The role of the commercial mortgage broker in the UK has dramatically changed recently, largely because the market is thriving. There are more commercial properties being sold and re- mortgaged every month than at any other time in recent history. This growth in the commercial mortgage sector is being fueled by low interest rates and attractive rental yields across a very broad spectrum of property types.
One of the first things a commercial mortgage broker will want to establish is whether the property in question is for owner occupation or for investment. This is because the methods of underwriting the two different types of property are very different.
When acquiring a commercial property for owner occupation the applicant will need to produce all the usual supporting documentation such as accounts, business plan and guarantees. There are options to self-certify the affordability for a commercial mortgage but the disproportionately higher interest rates can mean that this should be the last option. It is because of these differences in pricing between a full-status and a self cert commercial mortgage that using a commercial mortgage broker has become so important.
If the property is being mortgaged for investment purposes then one of the most important factors when assessing the application will be the strength of the rental market locally. This is a major consideration because it is the rental income which will dictate the size of the commercial mortgage in relation to the purchase price, this is known as the Loan to Value (LTV).
Unlike the residential market where calculating the rental incomes for a property is very straightforward, calculating the potential rental income for a commercial or semi-commercial property is much more complicated. This is because of the variety of different types of commercial property, for example a the potential income for a retail unit on a high street will normally be much easier to work out than a one-of-a-kind warehouse on an industrial estate. Semi-commercial mortgages are also complicated by the duel use aspect, typically the main complication would be something like a flat above a fast food outlet.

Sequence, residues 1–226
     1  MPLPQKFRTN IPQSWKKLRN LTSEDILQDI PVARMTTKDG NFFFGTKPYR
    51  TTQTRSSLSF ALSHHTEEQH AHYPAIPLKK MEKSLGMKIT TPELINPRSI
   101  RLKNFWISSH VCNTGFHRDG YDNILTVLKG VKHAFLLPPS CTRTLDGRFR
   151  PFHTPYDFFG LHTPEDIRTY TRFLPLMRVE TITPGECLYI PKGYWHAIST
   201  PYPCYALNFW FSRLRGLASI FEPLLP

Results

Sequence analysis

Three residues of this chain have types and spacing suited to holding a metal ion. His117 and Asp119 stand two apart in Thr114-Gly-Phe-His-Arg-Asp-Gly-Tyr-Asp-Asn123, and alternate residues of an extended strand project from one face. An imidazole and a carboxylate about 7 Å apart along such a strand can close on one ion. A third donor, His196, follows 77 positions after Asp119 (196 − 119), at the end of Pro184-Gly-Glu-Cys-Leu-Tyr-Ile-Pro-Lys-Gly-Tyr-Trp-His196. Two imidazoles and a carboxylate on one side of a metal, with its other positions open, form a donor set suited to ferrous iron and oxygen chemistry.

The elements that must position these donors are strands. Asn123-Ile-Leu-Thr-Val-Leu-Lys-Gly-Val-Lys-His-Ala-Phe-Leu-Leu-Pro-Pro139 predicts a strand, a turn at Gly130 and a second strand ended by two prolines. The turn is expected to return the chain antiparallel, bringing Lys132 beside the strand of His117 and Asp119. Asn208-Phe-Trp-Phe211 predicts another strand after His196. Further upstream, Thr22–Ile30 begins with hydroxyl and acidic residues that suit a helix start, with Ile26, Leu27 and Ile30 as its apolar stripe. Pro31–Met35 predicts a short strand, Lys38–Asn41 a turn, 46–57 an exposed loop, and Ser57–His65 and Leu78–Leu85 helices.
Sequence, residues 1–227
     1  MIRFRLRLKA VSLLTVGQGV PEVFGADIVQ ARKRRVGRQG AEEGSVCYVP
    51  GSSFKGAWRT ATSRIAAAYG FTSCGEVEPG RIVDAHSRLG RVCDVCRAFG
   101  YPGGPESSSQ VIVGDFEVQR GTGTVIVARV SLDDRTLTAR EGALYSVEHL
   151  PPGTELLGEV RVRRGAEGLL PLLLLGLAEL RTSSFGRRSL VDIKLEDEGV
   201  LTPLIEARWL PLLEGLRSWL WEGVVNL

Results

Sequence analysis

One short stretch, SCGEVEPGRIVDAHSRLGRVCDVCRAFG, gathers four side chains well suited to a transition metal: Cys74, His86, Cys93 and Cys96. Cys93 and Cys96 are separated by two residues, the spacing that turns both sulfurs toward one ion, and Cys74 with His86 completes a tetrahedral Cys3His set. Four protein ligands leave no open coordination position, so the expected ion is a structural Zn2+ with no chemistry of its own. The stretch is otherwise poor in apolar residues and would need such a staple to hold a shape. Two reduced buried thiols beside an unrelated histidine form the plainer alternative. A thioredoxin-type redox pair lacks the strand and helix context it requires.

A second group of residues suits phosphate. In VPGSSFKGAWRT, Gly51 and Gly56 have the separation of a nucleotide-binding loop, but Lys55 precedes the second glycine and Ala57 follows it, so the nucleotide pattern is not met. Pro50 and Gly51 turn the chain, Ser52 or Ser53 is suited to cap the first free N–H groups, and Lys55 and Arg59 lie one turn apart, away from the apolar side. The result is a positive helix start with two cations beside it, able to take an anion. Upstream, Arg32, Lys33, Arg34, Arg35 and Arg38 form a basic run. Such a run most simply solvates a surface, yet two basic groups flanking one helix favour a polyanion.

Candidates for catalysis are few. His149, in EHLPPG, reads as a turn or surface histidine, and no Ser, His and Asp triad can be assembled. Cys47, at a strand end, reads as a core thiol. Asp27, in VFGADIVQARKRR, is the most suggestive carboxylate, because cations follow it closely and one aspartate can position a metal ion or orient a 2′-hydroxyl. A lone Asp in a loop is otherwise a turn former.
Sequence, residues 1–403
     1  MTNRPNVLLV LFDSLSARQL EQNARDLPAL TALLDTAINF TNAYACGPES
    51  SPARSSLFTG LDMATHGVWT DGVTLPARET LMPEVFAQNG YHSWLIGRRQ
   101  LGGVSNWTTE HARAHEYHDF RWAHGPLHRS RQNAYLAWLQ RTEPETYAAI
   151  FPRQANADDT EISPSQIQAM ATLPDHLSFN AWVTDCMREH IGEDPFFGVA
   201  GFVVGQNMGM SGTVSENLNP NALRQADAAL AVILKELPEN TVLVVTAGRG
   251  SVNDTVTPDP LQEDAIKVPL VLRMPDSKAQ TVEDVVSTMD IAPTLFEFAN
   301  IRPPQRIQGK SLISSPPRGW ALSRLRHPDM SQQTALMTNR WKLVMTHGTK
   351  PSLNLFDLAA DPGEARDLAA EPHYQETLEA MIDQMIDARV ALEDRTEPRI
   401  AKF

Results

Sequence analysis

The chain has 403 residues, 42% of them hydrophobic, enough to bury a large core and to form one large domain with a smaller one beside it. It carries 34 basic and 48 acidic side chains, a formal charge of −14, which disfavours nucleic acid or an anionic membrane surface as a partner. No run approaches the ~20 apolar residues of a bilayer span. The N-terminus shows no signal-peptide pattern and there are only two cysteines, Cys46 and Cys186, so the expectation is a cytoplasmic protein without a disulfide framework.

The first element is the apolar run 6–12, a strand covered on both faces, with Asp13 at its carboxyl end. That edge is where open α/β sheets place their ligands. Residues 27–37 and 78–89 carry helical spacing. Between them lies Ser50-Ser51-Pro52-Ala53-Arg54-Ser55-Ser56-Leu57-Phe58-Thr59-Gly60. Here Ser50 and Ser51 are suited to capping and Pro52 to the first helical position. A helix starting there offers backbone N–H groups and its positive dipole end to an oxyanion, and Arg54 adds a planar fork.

Once the broker has identified the type of borrower they are dealing with they will then approach a suitable lender. When a commercial lender is asked to consider an application for a buy to let commercial mortgage they will obviously consider the credit history of the applicant, but also the rental income for the property and additionally the demand for the subject property. It should be remembered that commercial leases are very different to residential ones. Residential buy to let leases are known as Assured Short-hold tenancies (AST’s). These are well documented and supported in law. Commercial leases require much more thought.
The most obvious difference is that a commercial buy to let property will normally be let out for between 3 and 6 years with the tenant usually being responsible for the upkeep of the building. Having significantly longer leases is one of the attractions of commercial buy to let property, however the downside is that when empty it can take several months to find a new tenant.
In a perfect world the commercial mortgage broker would be able to place every commercial investment application with a bank or building society. This is because they offer the most competitive rates and favorable arrangement fees of all the commercial lenders. The down side is that banks and building societies tend to be more cautious and will consider all applications very carefully. The LTV’s offered by banks for commercial buy to let mortgages tend to around 75% with rates as low as.9% over bank base.
The other option is to use a specialist commercial property lender, although more flexible these lenders are much more expensive. LTV’s can be as high as 85% but the rates can easily creep into double figures, these lenders also charge high arrangement fees and early redemption charges. The specialist commercial lenders will normally only deal with a commercial mortgage broker and not the borrower.